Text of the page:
The purpose of the reference electrode is to provide a stable, reproducible voltage to which the working (detector) electrode potential may be referenced (see PRINCIPLES). A reference electrode may be considered a small battery whose voltage (potential) is determined by the chemistry taking place between a solid conductor (usually a metal salt) and the electrolytic solution around it. Ideally, if a small current is passed through the electrode, the potential change is negligible, and in any case, returns to the initial value when the current ceases. In addition, the potential value should not vary with time and should be reproducible from electrode to electrode. The most common reference electrodes meeting these criteria are the mercury/mercurous chloride (calomel) and the silver/silver chloride (Ag/AgCl) electrodes.
Every Ag/AgCl reference electrode is shipped with a colored plastic sheath that covers the porous tip and retards drying. Immediately upon receipt, remove this sheath by rolling it down from the glass body to the tip. The plastic will roll down and slide off the end of the electrode. Do not tug at the sheath or hold the electrode by its lead while you are doing this. If you have trouble removing the sheath, make a small cut at the upper edge of the sheath using small scissors, and try again.
BE CAREFUL NOT TO BREAK OFF THE END OF THE ELECTRODE!
ONCE THE SHEATH IS REMOVED, STORE THE ELECTRODE TIP IN 3 M NaCl AS SHOWN BELOW.
The Ag/AgCl reference electrodes are easily ruined by drying. Keep the tips wetted at all times and store in 3 M NaCl when not in use.
The Ag/AgCl reference electrodes are easily ruined by drying. Keep the tips wetted at all times and store in 3 M NaCl when not in use. A reference electrode storage vial is available from BASi (MR-5275. Be sure that you check the electrodes periodically and replace the solution in the storage vessel with fresh 3 M NaCl to keep the tips wet. DO NOT ENTIRELY IMMERSE REFERENCE ELECTRODES. Keep the connecting pins dry, or they will corrode and contaminate the reference electrode.
Reference electrodes will naturally change with use due to the transport of ions and solvent across the junction. The rate of change is a function of the difference in composition between the sample solution (i.e., mobile phase in liquid chromatography) and the filling solution (3 M NaCl gel). In LCEC usage, it is advisable to change to a new reference electrode frequently, at least once per month. Storing the reference electrode in 3 M NaCl between experiments will extend its lifetime. In spite of all attempts to extend their lifetimes, reference electrodes are still expendable items, so be certain to have spares on hand as needed.
We recommend that three reference electrodes be rotated in your LCEC system. Keep one electrode in your system for about two weeks. Turn the detector to STANDBY before removing and replacing the electrode. (Failure to do so can ruin a glassy carbon working electrode.) Rinse excess 3 M NaCl storage solution off the replacement reference electrode before inserting it into the cell. Replace the bushing and O-ring if they show signs of wear. Turn the cell on. Place the first electrode into the storage container. In another two weeks, replace the reference electrode with the third reference electrode provided in the kit. By rotating the three reference electrodes provided with your detector on a continuous basis, you can maximize their lifetimes. Depending on the mobile phase conditions and detector use, the reference electrodes can last from 3-6 months. When you replace reference electrodes, replace all three of them at the same time.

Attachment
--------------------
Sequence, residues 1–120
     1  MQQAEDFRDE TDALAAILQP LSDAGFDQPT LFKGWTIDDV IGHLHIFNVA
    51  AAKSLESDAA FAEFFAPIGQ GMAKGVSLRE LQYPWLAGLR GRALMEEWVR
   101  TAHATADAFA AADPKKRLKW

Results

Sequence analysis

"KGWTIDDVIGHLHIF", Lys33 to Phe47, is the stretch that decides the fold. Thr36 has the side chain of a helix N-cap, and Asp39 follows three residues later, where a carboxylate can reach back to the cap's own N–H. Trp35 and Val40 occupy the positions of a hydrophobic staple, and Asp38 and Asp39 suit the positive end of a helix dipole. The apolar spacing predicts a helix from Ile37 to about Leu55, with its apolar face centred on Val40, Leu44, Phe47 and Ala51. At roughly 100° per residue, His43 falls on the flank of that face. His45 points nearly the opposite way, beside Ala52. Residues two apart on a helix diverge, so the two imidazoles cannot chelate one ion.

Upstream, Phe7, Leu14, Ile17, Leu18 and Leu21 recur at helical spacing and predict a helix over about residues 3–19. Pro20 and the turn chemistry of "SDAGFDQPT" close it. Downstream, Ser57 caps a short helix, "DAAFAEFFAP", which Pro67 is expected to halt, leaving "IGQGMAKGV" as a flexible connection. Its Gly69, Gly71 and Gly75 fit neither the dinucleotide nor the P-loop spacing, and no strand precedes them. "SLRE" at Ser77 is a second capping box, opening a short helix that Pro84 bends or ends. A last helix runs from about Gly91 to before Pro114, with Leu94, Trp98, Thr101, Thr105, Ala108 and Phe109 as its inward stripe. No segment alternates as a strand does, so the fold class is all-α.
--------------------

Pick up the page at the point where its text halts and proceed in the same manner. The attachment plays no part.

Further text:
If you are concerned about the viability of a particular Ag/AgCl reference electrode, you can test it using a simple voltmeter, additional reference electrodes of the same type (or a calomel reference electrode), and a small beaker of 3 M NaCl.
Read the potential difference between the electrodes on the voltmeter. Ideally the difference between two electrodes of the same type would be zero. However, in actual practice there is commonly some variation. If the two electrodes are of the same type (e.g., Ag/AgCl vs. Ag/AgCl, or calomel vs. calomel) the meter should read 0 Â± 20 mV. If your reading for any pair of electrodes is significantly different, you should have another electrode of the same type handy to help distinguish which of the two is bad. When comparing an Ag/AgCl reference electrode to a calomel electrode, make the calomel the black (negative) input on the voltmeter. The meter should then read -35 Â± 20 mV. A single-probe combination pH electrode is not suitable for this test.
The UniJet detector is shipped with an embedded silver wire, which gets coated with AgCl to form the Ag/AgCl reference electrode. It should be regenerated each time the mobile phase is changed or the electrode is polished . After polishing and rinsing with water and methanol, apply a drop of the reference electrode coating solution (CF-2200) to the electrode surface:
Do not allow the solution to get on the working electrode or on your skin. Leave the solution on the electrode for 5 minutes. Rinse the electrode with water. The reference electrode should be a dull bronze color and uniform in appearance.
The UniJet reference electrode is a pseudo-Ag/AgCl reference electrode. The reference electrode potential is determined by the quantity of Cl- in the mobile phase. The higher the Cl- concentration, the closer the reference will become to a standard Ag/AgCl. We recommend using 10 mM NaCl in any mobile phase to increase the stability of the reference electrode and prevent alterations in the potential. The UniJet reference electrode is about 100 mV more positive than the standard RE-6 Ag/AgCl reference electrode. Thus, the potential set on the detector should be 100 mV less than was used with an RE-6.